On 25th May 2020, Malta celebrated the 57th Africa Day with a webinar chaired by Dr Alex Grech, Executive Director of the Commonwealth Centre for Connected Learning (3CL). Africa Day was established in 1963 and commemorates the accomplishments of the Organisation of African Unity (now the African Union) and Africa’s struggle against colonialism and apartheid.
Webinar participants included African students studying at the University of Malta along with guests including the Hon. Evarist Bartolo, Minister for Foreign and European Affairs, Parliamentary Secretary for European Funds Hon. Stefan Zrinzo Azzopardi, Ambassador Ronald Micallef, and Professor Godfrey Baldacchnio, Pro-Rector for International Affairs at University of Malta.
Africa Day: an opportunity for Malta to share its strategic brokerage role
Minister Bartolo said that the connection between Malta and Africa goes beyond geographical proximity, and incorporates a shared history of colonisation and a post-colonial culture. Over the past decades, Malta embarked on a programme of sustained change, often levering on emerging technologies which eventually transformed the islands into a confident country that can now share acquired knowledge with its ‘neighbour to the south’. This message was underscored by the Parliamentary Secretary for European Affairs who highlighted the strategic role that Malta can play in promoting the values of mutuality and partnership in an ongoing discussion on the urgent need for European Union Strategy for Africa.
“Africa is the continent of the future. It is a continent that changes its energy every 17 years due to the demographics of its youth,” said Ambassador Micallef. “Malta can play a vital role in Africa as a country that listens, and absorbs concerns and opportunities and in articulating those concerns in the European Union.”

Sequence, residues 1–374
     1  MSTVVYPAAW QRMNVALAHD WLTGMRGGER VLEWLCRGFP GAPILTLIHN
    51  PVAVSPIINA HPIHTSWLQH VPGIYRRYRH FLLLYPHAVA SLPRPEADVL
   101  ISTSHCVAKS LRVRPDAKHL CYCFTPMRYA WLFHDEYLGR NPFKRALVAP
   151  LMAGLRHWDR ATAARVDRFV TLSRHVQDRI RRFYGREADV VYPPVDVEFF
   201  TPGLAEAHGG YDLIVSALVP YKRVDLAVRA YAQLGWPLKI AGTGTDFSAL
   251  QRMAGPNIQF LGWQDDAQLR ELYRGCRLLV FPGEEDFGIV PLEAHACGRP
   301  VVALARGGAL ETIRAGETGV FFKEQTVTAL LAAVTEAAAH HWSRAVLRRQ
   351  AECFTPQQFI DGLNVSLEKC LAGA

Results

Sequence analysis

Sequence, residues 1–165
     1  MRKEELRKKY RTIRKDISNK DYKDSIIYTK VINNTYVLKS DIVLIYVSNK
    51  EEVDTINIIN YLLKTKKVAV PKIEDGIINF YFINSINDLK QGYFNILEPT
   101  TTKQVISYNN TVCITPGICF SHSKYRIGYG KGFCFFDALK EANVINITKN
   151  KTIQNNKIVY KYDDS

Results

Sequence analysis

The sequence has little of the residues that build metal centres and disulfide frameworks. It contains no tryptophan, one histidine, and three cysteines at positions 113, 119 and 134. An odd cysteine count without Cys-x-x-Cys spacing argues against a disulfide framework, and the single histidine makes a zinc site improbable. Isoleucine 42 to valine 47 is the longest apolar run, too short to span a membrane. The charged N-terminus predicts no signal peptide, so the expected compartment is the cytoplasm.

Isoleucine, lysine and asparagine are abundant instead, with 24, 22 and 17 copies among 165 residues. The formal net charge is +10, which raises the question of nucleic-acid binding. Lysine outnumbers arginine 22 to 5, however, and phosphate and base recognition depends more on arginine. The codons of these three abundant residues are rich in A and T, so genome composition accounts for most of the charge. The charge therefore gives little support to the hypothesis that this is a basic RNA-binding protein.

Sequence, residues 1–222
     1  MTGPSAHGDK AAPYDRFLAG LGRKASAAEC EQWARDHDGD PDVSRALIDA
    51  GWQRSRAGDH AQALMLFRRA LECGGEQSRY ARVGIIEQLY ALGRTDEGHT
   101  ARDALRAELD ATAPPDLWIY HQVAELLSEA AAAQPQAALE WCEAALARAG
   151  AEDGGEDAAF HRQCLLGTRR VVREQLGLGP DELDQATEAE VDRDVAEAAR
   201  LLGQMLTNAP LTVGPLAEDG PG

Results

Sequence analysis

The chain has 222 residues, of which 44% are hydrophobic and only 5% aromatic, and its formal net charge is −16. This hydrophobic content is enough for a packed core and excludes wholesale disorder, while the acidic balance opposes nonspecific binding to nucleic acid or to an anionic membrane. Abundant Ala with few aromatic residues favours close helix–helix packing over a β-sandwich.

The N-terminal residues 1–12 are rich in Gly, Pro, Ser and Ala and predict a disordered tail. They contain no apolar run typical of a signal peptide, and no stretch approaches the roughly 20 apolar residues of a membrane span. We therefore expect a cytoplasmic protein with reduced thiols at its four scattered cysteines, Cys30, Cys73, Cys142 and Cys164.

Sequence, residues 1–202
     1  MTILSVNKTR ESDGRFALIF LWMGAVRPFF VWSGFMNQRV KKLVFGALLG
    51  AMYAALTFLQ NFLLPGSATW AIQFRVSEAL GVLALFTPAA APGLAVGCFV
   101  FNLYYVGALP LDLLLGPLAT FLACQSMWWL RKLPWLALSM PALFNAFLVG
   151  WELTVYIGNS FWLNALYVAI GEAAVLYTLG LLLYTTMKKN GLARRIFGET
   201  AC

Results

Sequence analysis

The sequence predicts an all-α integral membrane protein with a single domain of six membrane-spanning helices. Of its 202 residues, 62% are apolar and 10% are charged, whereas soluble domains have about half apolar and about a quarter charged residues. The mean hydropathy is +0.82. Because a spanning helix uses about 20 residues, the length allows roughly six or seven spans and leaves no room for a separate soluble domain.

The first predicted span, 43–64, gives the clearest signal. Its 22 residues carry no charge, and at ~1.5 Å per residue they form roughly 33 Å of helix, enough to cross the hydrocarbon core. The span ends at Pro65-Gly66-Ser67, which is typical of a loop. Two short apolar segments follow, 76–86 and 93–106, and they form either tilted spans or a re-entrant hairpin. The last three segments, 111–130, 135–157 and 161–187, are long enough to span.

The University of Malta currently hosts 135 full-time African students and Masters and Doctoral students from Nigeria, Ghana, Tunisia, Ethiopia and the Seychelles joined the webinar. The students are pursuing studies in a range of subjects from medicine and biology to humanitarian action and psychology.
The discussion covered several practical issues on how Malta and Africa can create networks of trust between thinkers, students and policy-makers from Africa and their counterparts in the European Union and Malta. Reliable access to learning and academic resources in home countries was highlighted as an overriding challenge for students upon their return to the home countries. Dr Grech identified ‘open access to quality education and skills resources’ as a potential project for collaboration between the University, the 3CL and African states which would facilitate future communities of praxis and co-learning. COVID-19 has highlighted the urgent need to address online learning pedagogies, and to bring these to the mainstream.
A student from Nigeria reading for Masters in gender equality proposed that exchange programs should be bi- or tri-lateral if inter-cultural relationships between Africa, Malta and the EU were to improve. There was much that Africa could offer to foreign students spending time as researchers and academics embedded in the Continent. Another suggestion was the introduction of African history studies in relevant University study units. Core education classes in Africa include European history, but courses on African history tend to be missing in many European academic institutions. This exacerbates the problem of many people only knowing Africa continent from the media.
Africa Day was an opportunity for the students to voice their personal experiences. During the webinar, students also described their personal experiences of living and studying in Malta, with the conversation including integration, intercultural exchanges with Maltese and other African students studying in Malta, racism and the long-standing migration issue. All the students saw their time in Malta as a unique opportunity to experience other cultures while being away from their home country.
Minister Bartolo confirmed Malta’s commitment to invest in improving Malta-Africa intercultural relations by focusing on tangible projects that contribute to exchanges of expertise and resources. These include investment in technologies and online learning platforms, sharing of expertise and experiences on nation-state projects and advocacy for Africa Studies resources at the University of Malta.
“The development of mutually-beneficial socio-cultural and economic relationships with the African continent is of vital importance to Malta. We need to challenge old models of engagement by learning: building bridges and trust will depend on our ability to listen to and understand each other’s experiences. Malta will become increasingly proactive in identifying solutions that serve the identified needs of African youth in partner countries. Our collaboration must be built on praxis”, concluded the Minister.
For further background on Malta-Africa relations, see the Malta-Africa Strategy 2020-2025 published earlier this year.